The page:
Mark Trumbo: The exit interview - BaltimoreBaseball.com

Rich Dubroff

Mark Trumbo: The exit interview

BOSTON—Mark Trumbo is set to play in his final game for the Orioles Sunday afternoon. Trumbo was dealt to the Orioles in December 2015 and led the major leagues in home runs with 47 in 2016.

Before the 2017 season, he signed a three-year extension. In September 2018, he underwent right knee surgery that’s limited him to just 11 games this season.

Trumbo talked about his time with the Orioles and his future before this weekend’s series with the Red Sox began.

Question-What’s this weekend like for you?

Answer: “I think the last few series I probably have had the similar mindset as far as trying to enjoy it as much as I can. I’ve never really been one to either look too far ahead or behind. As far as playing, it’s always been kind of very focused and very kind of rigid, the day-to-day stuff, the opponent at hand, whoever that night’s pitcher was. I think in the last couple of weeks, maybe a tad more reflective than I’ve been in the past.”

Q-When you came to bat last Sunday, you have greeted warmly by the fans at home. Did you pick up on that?

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A-“I did, I was very appreciative of anything. I wasn’t expecting anything, but I’ve seen how the Orioles fans have treated guys in the past. It seems like it’s always been very positive. I feel very fortunate to have seen J.J. [Hardy’s], for example. It was something I’ll never forget. When he hit the home run in the last game. Some of those things will last a lot longer than the day-to-day grind of what we did.”

Q-If you look at your time here, you bridge, the time of Hardy, Adam Jones, Chris Tillman, Matt Wieters. Now it’s a lot different. How has the atmosphere around here changed over that time?

A-“Looking back when I did sign [an extension in January 2017], I kind of figured that two of the three years would probably have been pretty competitive, and then at some point, there was going to be some turnover, but I don’t think I could have predicted to the extent that it has. That always counted on some transition there, so I wasn’t caught off-guard when things happened. I think it’s just kind of a natural progression for teams that aren’t mega-spenders.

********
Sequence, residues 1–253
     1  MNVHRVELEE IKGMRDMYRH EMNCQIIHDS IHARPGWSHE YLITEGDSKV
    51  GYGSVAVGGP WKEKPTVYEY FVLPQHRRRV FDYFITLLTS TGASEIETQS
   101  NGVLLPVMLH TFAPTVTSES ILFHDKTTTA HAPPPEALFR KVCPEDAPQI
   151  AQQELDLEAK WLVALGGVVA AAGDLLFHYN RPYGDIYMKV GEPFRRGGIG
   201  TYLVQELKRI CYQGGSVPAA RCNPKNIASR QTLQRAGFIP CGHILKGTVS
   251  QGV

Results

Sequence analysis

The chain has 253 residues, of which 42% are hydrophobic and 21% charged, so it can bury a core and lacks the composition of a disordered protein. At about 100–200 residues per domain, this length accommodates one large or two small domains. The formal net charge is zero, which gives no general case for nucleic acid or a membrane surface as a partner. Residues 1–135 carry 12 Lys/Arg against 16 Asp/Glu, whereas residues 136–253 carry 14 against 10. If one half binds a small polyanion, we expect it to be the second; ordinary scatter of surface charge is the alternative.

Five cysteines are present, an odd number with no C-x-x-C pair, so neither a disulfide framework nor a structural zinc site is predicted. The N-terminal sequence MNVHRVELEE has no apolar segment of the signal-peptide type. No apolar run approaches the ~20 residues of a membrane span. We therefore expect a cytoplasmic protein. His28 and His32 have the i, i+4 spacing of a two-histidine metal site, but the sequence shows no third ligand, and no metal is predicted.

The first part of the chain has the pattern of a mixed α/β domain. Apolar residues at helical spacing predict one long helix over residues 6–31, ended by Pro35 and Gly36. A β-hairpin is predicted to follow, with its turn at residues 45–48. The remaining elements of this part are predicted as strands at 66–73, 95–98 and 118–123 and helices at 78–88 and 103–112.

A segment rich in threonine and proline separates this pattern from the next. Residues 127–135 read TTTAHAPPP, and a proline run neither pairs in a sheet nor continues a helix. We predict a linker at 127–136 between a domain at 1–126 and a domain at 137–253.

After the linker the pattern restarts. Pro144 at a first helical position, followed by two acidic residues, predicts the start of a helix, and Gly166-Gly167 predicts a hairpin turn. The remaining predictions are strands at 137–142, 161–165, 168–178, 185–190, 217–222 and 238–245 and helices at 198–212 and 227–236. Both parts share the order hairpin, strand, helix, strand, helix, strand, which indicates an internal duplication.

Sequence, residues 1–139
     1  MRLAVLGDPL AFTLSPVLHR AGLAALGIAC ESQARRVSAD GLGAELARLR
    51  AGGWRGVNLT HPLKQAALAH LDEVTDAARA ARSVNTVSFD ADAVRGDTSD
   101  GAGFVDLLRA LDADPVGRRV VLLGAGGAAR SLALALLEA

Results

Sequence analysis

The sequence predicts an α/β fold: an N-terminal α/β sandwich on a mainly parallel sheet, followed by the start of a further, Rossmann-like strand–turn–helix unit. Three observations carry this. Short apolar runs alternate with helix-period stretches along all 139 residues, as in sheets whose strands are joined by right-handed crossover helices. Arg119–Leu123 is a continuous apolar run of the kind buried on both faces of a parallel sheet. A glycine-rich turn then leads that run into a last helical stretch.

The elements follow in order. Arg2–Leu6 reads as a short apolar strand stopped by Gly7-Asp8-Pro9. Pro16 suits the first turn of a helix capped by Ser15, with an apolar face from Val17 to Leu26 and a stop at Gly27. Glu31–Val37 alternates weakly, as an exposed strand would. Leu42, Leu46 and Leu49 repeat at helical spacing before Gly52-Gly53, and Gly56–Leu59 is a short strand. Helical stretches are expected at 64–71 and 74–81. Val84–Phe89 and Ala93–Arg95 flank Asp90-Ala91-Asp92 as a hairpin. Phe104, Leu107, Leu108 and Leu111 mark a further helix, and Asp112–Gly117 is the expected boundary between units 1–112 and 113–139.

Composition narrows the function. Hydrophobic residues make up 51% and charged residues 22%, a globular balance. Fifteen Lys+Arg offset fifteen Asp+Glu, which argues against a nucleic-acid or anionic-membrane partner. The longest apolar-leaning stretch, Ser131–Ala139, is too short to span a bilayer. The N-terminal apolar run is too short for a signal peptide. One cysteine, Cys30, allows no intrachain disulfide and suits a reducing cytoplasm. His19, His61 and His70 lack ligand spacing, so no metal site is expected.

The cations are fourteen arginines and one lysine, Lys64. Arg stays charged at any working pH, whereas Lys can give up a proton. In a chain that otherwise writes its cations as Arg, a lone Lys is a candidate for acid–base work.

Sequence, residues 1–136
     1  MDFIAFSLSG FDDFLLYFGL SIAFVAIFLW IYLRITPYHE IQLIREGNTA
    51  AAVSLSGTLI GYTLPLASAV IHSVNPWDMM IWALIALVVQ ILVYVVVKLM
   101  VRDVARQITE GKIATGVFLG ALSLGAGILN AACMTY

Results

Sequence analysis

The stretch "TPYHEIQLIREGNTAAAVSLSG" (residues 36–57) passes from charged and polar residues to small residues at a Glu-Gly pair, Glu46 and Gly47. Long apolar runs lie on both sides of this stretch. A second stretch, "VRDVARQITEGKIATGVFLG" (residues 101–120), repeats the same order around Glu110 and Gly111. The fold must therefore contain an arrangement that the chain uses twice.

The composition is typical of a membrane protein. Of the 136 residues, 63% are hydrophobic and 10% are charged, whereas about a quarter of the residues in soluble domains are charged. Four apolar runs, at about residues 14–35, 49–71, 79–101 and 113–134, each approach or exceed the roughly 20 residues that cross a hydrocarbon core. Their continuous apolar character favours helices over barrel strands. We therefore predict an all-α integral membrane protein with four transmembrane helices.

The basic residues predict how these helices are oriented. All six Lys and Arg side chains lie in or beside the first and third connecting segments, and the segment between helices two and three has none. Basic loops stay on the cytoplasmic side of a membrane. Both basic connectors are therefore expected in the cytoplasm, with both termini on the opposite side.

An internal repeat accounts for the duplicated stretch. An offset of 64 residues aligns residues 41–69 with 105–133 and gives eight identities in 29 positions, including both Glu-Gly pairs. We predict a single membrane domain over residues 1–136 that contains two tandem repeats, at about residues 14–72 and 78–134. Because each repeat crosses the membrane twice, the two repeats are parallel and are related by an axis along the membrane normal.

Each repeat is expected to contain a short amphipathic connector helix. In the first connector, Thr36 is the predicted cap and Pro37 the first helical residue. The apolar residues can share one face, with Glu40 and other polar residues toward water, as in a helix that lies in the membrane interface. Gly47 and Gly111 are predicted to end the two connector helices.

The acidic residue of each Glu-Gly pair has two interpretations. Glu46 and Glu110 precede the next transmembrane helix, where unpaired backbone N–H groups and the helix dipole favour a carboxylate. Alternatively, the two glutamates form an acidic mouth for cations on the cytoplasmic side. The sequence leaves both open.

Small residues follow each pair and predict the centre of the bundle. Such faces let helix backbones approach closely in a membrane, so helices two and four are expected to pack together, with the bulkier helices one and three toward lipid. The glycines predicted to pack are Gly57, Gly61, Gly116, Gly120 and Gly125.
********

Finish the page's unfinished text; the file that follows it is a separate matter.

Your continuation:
“There’s going to be some periods of being very competitive and some when you’re not. We’re in the process of trying to get some long-term sustainability. That being said, it’s been nice this year in terms of maybe trying to help some of the younger guys. I think that’s about as rewarding as it gets. Everybody wants to get the game-winning hit. Maybe you can help someone, give them a little bit of advice over the time you spend with them. I think, for me, that always feels really good.”

Q-Have you enjoyed your time here?

A-“I have. I have. When I got traded from Seattle over here, I really didn’t know hardly anything about what was going on in Baltimore. It was on the other side of the country from where I grew up. I knew they had a good team, but I really didn’t know what Buck [Showalter] had in place as far as the clubhouse with Adam, J.J., Matt, Darren [O’Day], the guys that kind of led the charge. I felt really fortunate. ’16 was the best team record-wise I’ve been able to play on and getting to play in Toronto in that elimination game was one of the best memories I’ll have even though it didn’t go our way.

“I think I’ve had some good times. ’16 was the best year I’ve had. ’17 was probably the worst year I’ve had, statistically speaking. Last year, in the limited time I played I feel like I was actually pretty competitive with the bat. The knee injury has taken a lot of the wind out of the sails, so to speak. I can’t really do what I’ve always…I don’t want to say taken for granted. It’s kind of changed what I’m able to produce on the field, and unfortunately, there’s no real way around that.”

Q-Has this month showed you enough to enable you to want to try again next year?

A-“I’ll have to see. I’ll have to see over the winter. I said it previously, I don’t know if it was a month ago or what. I think I’m going to need to see some more consistency on the health side of things. The cycle of playing and then dealing with inflammation and pain. It’s kind of just this revolving cycle that I’m hoping that I can, at some point, I can get away from, even for everyday things. Getting your knee drained is not a pleasant experience. It’s necessary to be able to play sometimes, but it’s not the best feedback in terms of feeling like you’re heading towards health.”

Q-Because you’ve worked with young guys this year, and the manager has spoken highly about your leadership, would you consider coaching in the future?

A-“I have. I don’t know at what point I’d want to get into it. For some guys, it makes sense and some guys want to get as far away from it as possible. I’ve always enjoyed kind of looking at what guys do and maybe could help…we’re talking hitting, maybe it’s a physical thing or maybe it’s more of a mental thing. It’s something that kind of brings me some happiness. I feel like I have a little bit of ability to do it, at least and I’ll probably want to explore it down the road.”

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